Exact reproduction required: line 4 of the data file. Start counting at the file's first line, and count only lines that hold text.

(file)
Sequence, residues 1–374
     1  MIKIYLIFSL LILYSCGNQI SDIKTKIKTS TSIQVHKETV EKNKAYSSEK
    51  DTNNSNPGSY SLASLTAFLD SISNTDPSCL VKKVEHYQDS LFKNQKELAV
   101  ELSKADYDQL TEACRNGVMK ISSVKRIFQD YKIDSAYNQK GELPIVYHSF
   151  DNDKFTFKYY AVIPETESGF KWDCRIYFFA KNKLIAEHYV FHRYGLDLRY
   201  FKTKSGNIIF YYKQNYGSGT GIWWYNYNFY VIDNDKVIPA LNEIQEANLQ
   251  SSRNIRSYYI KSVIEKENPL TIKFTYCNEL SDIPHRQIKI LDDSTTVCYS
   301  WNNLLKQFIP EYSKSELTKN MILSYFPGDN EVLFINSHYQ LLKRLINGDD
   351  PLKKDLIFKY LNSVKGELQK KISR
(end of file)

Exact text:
   101  ELSKADYDQL TEACRNGVMK ISSVKRIFQD YKIDSAYNQK GELPIVYHSF